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“It’s My ‘Freedom Ticket,’” Says IBEW Member Crystal Rourke, Who’s The Focus Of The Latest In A Series Of National TV Advertisements ‘Highlighting The Value’ Of Union Membership For Young People Looking For A Stable, Middle-Class Career

Published Monday, November 11, 2019
by IBEW News
“It’s My ‘Freedom Ticket,’” Says IBEW Member Crystal Rourke, Who’s The Focus Of The Latest In A Series Of National TV Advertisements ‘Highlighting The Value’ Of Union Membership For Young People Looking For A Stable, Middle-Class Career

Crystal Rourke says life wasn’t quite as tough two years ago as it now sounds.

Yes, she was going through a divorce and often had to work three jobs to support her three sons, including working as a Probation Officer, a Corrections Officer and driving for Lyft.

She also worked towards a graduate degree so she could become full-time Probation Officer.

Through it all, she tried to maintain a positive attitude, though that wasn’t always easy.

“Fake it until you make it,” the U.S. Army veteran said with a laugh. “I was just pushing and pushing forward.”

In early 2018, while working for Asplundh, the international tree-trimming company, and still attending school, Rourke finally got a well-earned break.

A co-worker told her Xcel Energy, a long-time International Brotherhood of Electrical Workers (IBEW) utility partner in Minnesota, was hiring Groundmen and Drivers and encouraged her to put her name on the books at IBEW Minneapolis Local 160.

Initially, Rourke was hesitant to do so.

She feared she would be “laughed out of the office.”

She overcame the initial fears, however, and after applying, she was called back for an interview.

Rourke said the person interviewing told her she was qualified - except she lacked a tanker endorsement, which allows Drivers to haul 1,000 gallons or more of liquid and gas.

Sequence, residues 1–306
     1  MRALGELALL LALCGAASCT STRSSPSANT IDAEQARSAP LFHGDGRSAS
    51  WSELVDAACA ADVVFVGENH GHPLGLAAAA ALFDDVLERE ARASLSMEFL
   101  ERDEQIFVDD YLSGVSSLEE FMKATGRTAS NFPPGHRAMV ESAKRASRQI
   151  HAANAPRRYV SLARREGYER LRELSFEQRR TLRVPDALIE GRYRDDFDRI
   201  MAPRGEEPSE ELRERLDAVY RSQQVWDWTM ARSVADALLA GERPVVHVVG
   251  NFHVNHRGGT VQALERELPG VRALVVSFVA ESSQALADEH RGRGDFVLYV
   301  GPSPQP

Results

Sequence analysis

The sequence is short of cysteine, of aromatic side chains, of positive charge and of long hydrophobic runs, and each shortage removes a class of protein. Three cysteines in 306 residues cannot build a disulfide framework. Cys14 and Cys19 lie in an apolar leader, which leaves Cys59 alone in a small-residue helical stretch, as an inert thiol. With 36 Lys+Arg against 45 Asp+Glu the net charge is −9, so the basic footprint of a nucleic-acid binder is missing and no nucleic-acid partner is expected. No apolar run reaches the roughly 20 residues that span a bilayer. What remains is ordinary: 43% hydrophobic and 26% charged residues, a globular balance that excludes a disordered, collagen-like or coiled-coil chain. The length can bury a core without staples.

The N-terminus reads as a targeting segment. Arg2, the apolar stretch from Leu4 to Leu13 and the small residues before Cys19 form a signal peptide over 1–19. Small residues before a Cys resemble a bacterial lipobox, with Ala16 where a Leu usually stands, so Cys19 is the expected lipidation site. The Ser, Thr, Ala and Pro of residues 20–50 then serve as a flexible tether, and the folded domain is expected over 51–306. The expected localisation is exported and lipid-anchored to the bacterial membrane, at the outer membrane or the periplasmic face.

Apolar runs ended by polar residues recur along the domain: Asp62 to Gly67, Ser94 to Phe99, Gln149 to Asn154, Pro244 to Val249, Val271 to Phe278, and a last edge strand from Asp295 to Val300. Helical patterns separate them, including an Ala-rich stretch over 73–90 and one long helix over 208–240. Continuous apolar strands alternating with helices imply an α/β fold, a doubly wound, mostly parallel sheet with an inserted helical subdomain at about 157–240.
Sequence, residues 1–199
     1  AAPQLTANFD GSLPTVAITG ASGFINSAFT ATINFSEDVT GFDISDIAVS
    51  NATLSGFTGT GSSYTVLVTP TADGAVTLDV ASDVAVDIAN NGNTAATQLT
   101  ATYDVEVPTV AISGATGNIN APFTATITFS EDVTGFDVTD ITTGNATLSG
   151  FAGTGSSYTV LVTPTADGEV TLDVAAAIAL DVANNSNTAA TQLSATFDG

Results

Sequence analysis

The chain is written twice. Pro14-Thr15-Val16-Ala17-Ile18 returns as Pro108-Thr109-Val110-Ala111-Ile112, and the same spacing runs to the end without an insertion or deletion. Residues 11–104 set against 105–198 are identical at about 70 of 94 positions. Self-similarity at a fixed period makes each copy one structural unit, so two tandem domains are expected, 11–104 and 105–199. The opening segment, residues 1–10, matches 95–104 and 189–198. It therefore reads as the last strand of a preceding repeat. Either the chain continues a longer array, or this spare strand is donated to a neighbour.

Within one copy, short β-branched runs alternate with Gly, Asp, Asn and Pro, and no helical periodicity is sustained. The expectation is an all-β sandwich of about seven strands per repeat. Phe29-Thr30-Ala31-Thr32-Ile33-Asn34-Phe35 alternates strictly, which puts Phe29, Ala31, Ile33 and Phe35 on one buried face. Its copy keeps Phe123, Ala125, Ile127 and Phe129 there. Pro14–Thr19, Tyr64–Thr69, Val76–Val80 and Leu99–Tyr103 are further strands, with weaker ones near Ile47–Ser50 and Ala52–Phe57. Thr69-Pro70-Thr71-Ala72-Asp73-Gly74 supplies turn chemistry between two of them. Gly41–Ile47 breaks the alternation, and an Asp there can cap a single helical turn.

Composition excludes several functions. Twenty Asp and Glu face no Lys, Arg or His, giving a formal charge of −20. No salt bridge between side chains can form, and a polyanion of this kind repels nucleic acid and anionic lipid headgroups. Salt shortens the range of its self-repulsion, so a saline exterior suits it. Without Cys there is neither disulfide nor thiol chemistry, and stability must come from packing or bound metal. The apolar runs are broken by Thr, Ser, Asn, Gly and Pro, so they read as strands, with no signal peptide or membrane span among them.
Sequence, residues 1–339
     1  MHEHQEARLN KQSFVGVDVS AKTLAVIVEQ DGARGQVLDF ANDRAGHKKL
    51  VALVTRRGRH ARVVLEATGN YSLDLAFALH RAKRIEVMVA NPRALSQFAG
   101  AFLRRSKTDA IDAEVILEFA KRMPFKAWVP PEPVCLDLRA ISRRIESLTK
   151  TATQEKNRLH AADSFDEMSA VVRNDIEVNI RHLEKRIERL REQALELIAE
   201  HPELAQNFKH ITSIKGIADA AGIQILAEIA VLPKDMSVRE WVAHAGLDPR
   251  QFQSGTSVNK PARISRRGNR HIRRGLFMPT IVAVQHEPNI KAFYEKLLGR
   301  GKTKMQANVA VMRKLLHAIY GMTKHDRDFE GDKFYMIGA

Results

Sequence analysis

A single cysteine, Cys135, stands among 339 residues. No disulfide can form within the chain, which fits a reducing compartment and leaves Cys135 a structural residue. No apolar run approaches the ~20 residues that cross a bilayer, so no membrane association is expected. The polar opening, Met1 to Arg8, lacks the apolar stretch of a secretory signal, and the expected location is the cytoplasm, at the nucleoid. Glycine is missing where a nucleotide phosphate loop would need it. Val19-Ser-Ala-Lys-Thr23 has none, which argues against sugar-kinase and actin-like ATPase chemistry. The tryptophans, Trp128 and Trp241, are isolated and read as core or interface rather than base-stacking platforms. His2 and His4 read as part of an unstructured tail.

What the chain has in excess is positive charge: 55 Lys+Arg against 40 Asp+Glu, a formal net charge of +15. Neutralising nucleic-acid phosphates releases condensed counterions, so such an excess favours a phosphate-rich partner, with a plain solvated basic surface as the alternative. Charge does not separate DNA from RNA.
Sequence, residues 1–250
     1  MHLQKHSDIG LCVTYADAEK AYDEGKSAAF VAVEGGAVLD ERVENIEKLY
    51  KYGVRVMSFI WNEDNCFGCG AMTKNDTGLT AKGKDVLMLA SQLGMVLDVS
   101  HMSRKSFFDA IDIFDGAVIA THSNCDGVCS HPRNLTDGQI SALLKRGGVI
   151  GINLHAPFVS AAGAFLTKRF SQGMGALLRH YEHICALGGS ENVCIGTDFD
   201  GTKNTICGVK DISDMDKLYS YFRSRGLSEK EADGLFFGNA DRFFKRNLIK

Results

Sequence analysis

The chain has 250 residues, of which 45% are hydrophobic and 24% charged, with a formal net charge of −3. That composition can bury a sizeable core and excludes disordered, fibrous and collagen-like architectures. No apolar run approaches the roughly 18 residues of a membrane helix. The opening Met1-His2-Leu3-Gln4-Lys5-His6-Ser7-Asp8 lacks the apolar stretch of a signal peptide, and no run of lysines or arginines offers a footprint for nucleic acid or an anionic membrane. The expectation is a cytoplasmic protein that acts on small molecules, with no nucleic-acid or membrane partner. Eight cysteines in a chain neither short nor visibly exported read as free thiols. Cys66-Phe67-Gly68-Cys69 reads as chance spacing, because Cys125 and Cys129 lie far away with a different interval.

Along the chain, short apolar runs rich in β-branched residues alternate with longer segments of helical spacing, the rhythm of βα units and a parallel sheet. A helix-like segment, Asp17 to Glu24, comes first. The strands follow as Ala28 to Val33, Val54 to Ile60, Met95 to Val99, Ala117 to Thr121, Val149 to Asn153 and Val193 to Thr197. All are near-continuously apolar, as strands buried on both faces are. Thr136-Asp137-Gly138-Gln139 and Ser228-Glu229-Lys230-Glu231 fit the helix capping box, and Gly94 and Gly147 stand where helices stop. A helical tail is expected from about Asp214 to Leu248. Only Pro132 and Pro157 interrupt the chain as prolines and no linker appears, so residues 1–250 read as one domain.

She immediately drove 15 minutes to a Minnesota Motor Vehicle Branch Office, studied for the test on her phone and earned her endorsement later that afternoon.

With that, Rourke was hired in April 2018 and earned Local 160 Membership in the process.

She’s left her other jobs and now is able to spend more time with her sons – ages 15, 13 and 9 – and to provide the family with quality health insurance.

She’s also the focus of the latest in a series of national television advertisements, which highlight the value of IBEW Membership for young people looking for a career that will provide a stable, Middle-Class life without the burden of college debt.

“It’s my ‘freedom ticket,’” Rourke, 35, said. “It’s my way to ‘make my own way,’ to provide for my family and be able to take off weekends and holidays.   ‘I’m not just surviving, I’m living.’ ‘That was a huge deal for me.’  ‘If you told me a year ago where I’d be now, I would’ve felt like I’d won the lottery.’”

Rourke grew up in rural Missouri, but it wasn’t an easy childhood.

She was adopted at age five and her mother died when she was 14.

She became estranged from her father and was sent to live with family members in Tennessee, where she finished high school before joining the Army.

She met her ex-husband in the military and their first son was born in Germany.

“Her enthusiasm ‘is just so impressive,’” IBEW Local 160 Business Manager Robert Boogren said. “She ‘never seems to have a down moment.’  ‘It’s amazing she’s turned into such a positive person because things could have easily gone the other way.’”

To Continue Reading This Labor News Story, Go To: www.ibew.org/media-center/Articles/19Daily/1910/191025_IBEWMembership

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